After visiting the museum we went back to the hotel for a bit to relax, before heading out to dinner at Bon Temps. Bon Temps is an authentic Louisiana Cajun / Creole style restaurant. I had a delicious brisket served with corn, green beans, mashed potatoes, and a jalapeno corn bread. Julie had scallops served with green beans, mashed potatoes, and a jalapeno corn bread. We also had some adult beverages to go along with our meal.

After our meal we walked to the 9 Mile Legacy brewery, which was unfortunately closing in 10 minutes, so they were no longer serving any pints. I picked up two cans to-go, and we walked back to the hotel and went in the hot tub before going to bed.

On our final day in Saskatoon we went to Hometown Diner for Breakfast. I had a breakfast poutine, and Julie had a delicious chicken bacon club sandwich.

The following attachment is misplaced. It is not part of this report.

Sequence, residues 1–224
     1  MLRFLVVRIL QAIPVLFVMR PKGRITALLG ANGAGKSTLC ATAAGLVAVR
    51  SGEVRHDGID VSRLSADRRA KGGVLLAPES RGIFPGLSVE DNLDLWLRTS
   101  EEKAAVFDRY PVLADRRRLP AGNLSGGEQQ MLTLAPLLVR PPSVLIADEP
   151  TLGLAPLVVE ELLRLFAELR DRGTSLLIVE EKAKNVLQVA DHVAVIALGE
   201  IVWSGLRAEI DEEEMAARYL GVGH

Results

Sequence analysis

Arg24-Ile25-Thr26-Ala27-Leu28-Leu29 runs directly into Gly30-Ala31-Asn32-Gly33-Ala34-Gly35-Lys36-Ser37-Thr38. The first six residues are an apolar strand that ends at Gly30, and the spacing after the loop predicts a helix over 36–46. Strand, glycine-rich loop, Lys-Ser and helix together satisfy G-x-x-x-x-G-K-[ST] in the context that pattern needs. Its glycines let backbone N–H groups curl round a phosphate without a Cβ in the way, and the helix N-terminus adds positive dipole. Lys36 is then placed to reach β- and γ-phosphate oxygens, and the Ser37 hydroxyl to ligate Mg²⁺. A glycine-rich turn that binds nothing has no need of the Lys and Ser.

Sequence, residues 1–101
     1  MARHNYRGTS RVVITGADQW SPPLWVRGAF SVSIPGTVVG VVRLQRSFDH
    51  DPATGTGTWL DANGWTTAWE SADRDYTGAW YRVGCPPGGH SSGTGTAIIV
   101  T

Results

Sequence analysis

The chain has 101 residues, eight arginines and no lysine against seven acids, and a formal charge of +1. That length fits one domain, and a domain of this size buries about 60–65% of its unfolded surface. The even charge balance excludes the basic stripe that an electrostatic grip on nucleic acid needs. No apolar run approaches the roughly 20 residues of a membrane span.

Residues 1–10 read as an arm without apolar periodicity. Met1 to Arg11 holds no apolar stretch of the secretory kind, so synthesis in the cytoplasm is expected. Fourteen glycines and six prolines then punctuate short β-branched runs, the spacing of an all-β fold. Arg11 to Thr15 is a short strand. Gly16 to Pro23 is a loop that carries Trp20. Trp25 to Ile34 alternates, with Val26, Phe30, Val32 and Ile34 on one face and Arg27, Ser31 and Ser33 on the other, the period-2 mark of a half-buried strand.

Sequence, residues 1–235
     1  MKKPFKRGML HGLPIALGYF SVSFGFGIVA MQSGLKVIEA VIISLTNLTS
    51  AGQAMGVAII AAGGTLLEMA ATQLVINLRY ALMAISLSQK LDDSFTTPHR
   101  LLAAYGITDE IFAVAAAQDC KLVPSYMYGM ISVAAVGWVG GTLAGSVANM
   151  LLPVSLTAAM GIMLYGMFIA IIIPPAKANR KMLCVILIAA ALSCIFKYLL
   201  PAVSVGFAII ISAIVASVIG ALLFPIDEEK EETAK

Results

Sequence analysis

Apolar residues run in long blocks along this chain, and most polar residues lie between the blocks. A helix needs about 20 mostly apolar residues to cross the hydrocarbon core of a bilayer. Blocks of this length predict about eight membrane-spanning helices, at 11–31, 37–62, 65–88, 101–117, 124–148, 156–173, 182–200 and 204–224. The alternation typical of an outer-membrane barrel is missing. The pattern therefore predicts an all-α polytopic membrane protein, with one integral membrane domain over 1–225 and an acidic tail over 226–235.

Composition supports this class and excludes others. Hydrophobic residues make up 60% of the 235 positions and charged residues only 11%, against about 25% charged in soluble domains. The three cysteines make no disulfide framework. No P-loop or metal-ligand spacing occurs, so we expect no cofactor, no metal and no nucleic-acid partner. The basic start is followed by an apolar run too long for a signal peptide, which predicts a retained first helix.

After breakfast we drove to the farmers market, which was extremely underwhelming, so we quickly left. Next up was the Saskatoon Forestry Farm Park & Zoo, which was excellent! The zoo is a National Historic Site of Canada (designated in 1990), and was created in 1966. There were over 30 different types of animals on display including Bald Eagles, Burrowing Owls, Great Horned Owls, Grizzly Bears, Lynx’s, Swift Fox (which escaped!), Dingo’s, Pygmy Goats, Bison, Pronghorns, multiple types of Sheep, Alpaca’s, Meerkats, and Capuchin Monkey’s.

After visiting the zoo it was time to grab some lunch. We drove to Odla, which actually happened to be right next door to the Broadway Cafe that we ate at the other day. Odla is a fine example of farm to table. I had a delicious hamburger, which was the BEST hamburger I’ve ever had in my life, and Julie had a grilled vegetable and quinoa plate.

After having our delicious lunch I drove to Crossmount Cider Company, which was a short 15 minute drive south of the city. The craft cidery is built next to a retirement community and overlooks a man-made wetland area, where you can few all sorts of birds while enjoying some ciders. We decided to both get a flight of sample ciders. The cidery was established in 2014.